I have trouble with two lines that are closely tied together. The following is them in context. The lines in question are shown in bold.

A: 待ちなさい!B、あなたを確保します!

B: 邪魔よ……どきなさい。

A: あなたは今、bla bla bla, irrelevant anime bs 状態なの…… そんな状態で暴れて回っても、 なんにもならないんだから……

B: 何にもならないかどうかは、私が決めるわ。あなたに口を挟まれる事じゃない

A: いいえ!口も挟めば手も出します

The "irrelevant anime bs" is just me stripping the bit that explains B's situation in more detail, but that detail IMO would just lead us down the rabbit hole of explaining lore and like which is not the point here.

The following is my take on this segment:

A: Wait! B, I will arrest you!

B: You’re a nuisance…begone.

A: You are in a state of (irrelevant)… Because of that there is no point in getting violent, so…

B: I’ll be the one to decide whether or not there is any point. I won’t be interrupted by you.

A: Noo! I'll either interrupt you or fight you!

First of. For me it's strange that the verb 口を挟む is being used. As far as I can see it's used for interrupting someone's speech (like mouth is right there in the verb as object), while here from context B (which is suffering the interruption from A it seems) hasn't actually had her speech interupted. But more A is going to secure/arrest her and prevent her for going where she wants. And I don't really see in the definition of the verb it being used for this kind of thing.

Second thing is the 事じゃない which I'm not entirely sure what it's doing here. Is it, "it's not a situation where I'll suffer being interrupted", or general "I'm not/won't be interrupted by you" or something?

Due to the accumulated confusion, this makes the A's reply even more confusing to me. I know about the も~ば~も pattern that is used for and/or either/nor and such. So I guess she is saying she'll either interrupt/stop or fight her.

2 Answers 2


First, to address the the expression「(Xに)口を挟む」, you would be wrong to go on this first sense of 「挟む」: 「① 物を両側から押さえつける。また、二本の棒などで押さえて持つ」 and visualize this idiom as squeezing the lips of a talking individual tightly together, therefore temporarily depriving them of the ability of speaking ( = interrupt). Rather, the more relevant sense is the next one: 「②ある物の間やすき間に物を入れる」. Taken literally, the expression should mean "wedge (your) mouth into X", where the metonymical "mouth" is that of the interferer, not of the interfered (think the English idiom "stick your nose into X"). This idiom can be used with regard to interrupting someone's speech with your words as well as meddling in a matter that does not directly concern you. So the its use in this context is unexceptionable.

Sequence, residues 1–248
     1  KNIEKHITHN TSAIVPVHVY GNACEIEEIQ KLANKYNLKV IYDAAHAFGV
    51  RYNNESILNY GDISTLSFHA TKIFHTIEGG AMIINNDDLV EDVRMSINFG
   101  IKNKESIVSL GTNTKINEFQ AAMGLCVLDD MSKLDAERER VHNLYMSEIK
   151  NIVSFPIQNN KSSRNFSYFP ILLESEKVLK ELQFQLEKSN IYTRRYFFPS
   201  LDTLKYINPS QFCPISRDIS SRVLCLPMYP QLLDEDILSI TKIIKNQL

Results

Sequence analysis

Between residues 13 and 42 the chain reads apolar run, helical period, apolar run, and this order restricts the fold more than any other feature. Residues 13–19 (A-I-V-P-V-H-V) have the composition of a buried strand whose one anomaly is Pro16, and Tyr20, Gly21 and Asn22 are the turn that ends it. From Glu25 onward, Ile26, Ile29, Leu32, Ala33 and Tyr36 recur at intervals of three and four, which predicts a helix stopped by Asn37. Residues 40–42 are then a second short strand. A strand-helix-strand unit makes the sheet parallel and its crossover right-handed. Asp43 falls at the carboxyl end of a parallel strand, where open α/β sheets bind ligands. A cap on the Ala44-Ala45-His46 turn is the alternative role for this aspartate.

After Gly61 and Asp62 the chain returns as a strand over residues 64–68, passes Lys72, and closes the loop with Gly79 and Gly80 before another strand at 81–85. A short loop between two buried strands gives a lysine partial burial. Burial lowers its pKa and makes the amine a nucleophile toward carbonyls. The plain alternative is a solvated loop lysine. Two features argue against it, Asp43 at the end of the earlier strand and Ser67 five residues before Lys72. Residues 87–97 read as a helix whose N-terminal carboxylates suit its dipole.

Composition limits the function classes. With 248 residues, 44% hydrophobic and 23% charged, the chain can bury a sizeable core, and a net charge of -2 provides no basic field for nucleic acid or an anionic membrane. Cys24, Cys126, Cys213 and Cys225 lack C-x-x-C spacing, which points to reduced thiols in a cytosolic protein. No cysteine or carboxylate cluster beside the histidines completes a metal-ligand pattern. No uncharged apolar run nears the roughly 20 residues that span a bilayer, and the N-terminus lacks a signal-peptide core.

As for the second question, the the whole utterance is not a general statement but about the particular situation at hand. So the sentence may be translated into: "This is not a matter in which I have to suffer your meddling!" (Or more simply: "This is none of your business!" ).

Now, onto the last point, which I find a bit tricky because「手を出す」 has two meanings that are (it seems to me) applicable here: 「① 人や物事に自分から積極的にかかわりをもつ」 and 「② 暴力を振るう」.

In the case of the former, the phrase would be synonymous enough with 「口を挟む」 for the combination to be pleonastic, with 「手も出す」 only adding some rhetorical force, but not much in the way of new semantic content. ("Oh yes, I will stick in my nose, and my butt too!" )

In the case of the latter, A would be vowing to do physical kind of meddling, not just verbal. ("Oh, I will butt in, and I will fight you!") ... upon further consideration, I think I'm beginning to lean toward this interpretation.


What's interrupted is not her speech but her private affair. In this sense, it's more like "to claim something" rather than "to interrupt".

  • 1
    Interrupting a private affair could work in context. B was in the process of doing something family related and illegal, but what do you mean "to claim something"? Apr 30, 2018 at 9:50

You must log in to answer this question.

Not the answer you're looking for? Browse other questions tagged .